Topic: Gender Divide in the Rhiannon Novels

Although I've had terrific reviews from both genders, I've noticed males seem to like Jeb & Rhia:  the Love Story, and females are more represented among reviewers in the New Fairy story.  I speculated to John Hamler that maybe men like the sexy ingenue and women like the kick-ass adventurer.  This is important because the love story was meant to be a romance, and how many men do you know who read romances?  (Or admit it, anyway.)  So what do you think?  Is the Love Story more appealing to men and the Adventure/Quest story more appealing to women, in contradiction of conventional wisdom about these things?  If so, what, if anything, should I do about that?  As usual, any and all feedback is welcome.

Re: Gender Divide in the Rhiannon Novels

I started reading New Fairy because that's what you published first, or at least what I first spotted of your works. Afterwards I realised you were publishing a prequel but it was not matter of stop reading New Fairy and go back to the Jeb & Rhia, moreover because you told me each one is a stand-alone story. So...

Kiss,

Gacela

Re: Gender Divide in the Rhiannon Novels

Thanks, Mariana, for your input.  Sometimes a cigar is just a cigar.  In other words, it may be just a coincidence.

Re: Gender Divide in the Rhiannon Novels

funny isn't.  My book the Saga of the Mighty Valentine set in a physics quantum reality is generally really liked by women and almost not at all by men. Heaven knows why. My theory is women have a much opener mind than men, men have set ideas when they start to read and women don't necessarily.  Your fairy story needs an open mind, I'm not sure about the love story. (I just read one chapter of that one)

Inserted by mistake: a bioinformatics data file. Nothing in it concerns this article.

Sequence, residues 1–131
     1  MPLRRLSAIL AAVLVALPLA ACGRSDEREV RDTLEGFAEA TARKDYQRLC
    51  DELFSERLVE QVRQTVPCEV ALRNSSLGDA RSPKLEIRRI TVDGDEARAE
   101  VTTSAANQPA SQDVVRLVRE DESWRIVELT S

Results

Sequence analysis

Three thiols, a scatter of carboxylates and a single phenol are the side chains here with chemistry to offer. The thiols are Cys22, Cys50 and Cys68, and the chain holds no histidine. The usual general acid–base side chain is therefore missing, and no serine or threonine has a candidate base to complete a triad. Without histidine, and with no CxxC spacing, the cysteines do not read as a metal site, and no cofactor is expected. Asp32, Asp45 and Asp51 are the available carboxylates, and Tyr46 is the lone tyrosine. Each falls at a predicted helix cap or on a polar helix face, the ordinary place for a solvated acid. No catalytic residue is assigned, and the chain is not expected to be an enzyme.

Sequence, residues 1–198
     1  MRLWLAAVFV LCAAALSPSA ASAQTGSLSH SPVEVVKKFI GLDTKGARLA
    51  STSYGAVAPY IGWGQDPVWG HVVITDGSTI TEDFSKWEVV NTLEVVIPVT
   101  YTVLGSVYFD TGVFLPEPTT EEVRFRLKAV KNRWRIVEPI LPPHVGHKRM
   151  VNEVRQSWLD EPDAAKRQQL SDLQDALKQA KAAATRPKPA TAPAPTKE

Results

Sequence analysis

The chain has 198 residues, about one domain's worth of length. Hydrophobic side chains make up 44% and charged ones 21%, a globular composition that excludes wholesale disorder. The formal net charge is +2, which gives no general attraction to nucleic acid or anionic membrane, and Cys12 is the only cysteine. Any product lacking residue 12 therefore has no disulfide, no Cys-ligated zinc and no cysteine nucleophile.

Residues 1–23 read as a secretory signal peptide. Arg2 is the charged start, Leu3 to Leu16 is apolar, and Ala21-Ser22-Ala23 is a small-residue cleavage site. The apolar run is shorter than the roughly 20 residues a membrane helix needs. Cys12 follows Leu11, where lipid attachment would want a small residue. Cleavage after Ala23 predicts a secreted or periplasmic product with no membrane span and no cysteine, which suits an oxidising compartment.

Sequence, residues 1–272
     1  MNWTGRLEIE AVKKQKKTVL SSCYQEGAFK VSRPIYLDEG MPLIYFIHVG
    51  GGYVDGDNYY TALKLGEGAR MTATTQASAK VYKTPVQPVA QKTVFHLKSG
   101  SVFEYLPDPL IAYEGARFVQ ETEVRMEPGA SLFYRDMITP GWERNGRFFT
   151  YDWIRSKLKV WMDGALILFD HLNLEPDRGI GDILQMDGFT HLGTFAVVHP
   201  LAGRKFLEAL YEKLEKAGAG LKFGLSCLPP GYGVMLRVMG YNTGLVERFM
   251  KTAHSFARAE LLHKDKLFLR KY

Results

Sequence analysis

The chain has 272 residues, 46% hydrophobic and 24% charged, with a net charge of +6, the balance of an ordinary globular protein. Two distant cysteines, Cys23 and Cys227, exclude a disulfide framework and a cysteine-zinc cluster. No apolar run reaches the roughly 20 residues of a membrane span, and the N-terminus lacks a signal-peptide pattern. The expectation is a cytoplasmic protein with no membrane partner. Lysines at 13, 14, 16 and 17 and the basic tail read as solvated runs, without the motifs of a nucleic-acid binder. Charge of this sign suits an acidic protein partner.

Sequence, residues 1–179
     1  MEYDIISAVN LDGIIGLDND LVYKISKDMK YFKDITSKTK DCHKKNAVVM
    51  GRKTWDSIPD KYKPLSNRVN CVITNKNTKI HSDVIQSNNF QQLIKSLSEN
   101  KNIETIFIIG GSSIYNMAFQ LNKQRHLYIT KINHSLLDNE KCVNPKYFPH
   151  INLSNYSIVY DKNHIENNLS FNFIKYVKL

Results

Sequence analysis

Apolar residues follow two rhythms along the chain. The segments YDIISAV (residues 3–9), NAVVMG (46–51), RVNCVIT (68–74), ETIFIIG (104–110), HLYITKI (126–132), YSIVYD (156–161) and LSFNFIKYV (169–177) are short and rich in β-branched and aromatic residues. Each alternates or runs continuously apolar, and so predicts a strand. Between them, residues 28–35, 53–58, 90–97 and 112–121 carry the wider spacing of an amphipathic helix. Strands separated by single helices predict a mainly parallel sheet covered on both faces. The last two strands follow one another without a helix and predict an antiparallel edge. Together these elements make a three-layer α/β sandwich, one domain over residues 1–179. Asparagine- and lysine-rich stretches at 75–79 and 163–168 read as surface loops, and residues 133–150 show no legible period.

Re: Gender Divide in the Rhiannon Novels

Thanks Sheriff.  Interesting speculation.  Maybe men think they're on more familiar ground with the love story--after all, it is about finding the love of your life, screwing it up, and having the whole thing interfere with your career.  At one level, anyway.  The structure of the adventure one is subtle, as well as (your words) open.  There's a quest involved, but not your usual one for a magical arc or something.

Re: Gender Divide in the Rhiannon Novels

I love how men are purported to be the villains here. In regards to taste in art or fiction or whatever. We'll take up the mantle of villainy but only because we generally don't mind being objectified. Also, because we're in the pole position pertaining to life on this Earth, men enjoy engaging in gender warfare. At least, I do. I suspect I'd feel rather opposite if someone were to remove my wonderful life-injecting penis apparatus, but... Whatever. I make jokes because I know Rhiannon can take it without getting too bent outta shape.

At any rate, yes... John Hamler is more immediately attracted to the sexy ingenue. Hamler has a hard time relating to kick-ass bitches because he's basically a troglodyte who recognizes the physical inequality between the genders. BUT...    New Fairy is a fantasy land and I'm more than willing to put away my childish sexism in order to get on board. As long as the prose is keen and the narrative is sharpish. Thing about romance is it's all in the beholder's eye. Sometimes, when I'm with my lady-lover, I get the feeling that it's all about me slowing down. About paying attention to details and paying complimentary/reinforcing service to her super-ego. Basically, women analyze everything -like body language- and they fret and worry 24/7 about appearances and feelings. So the question is...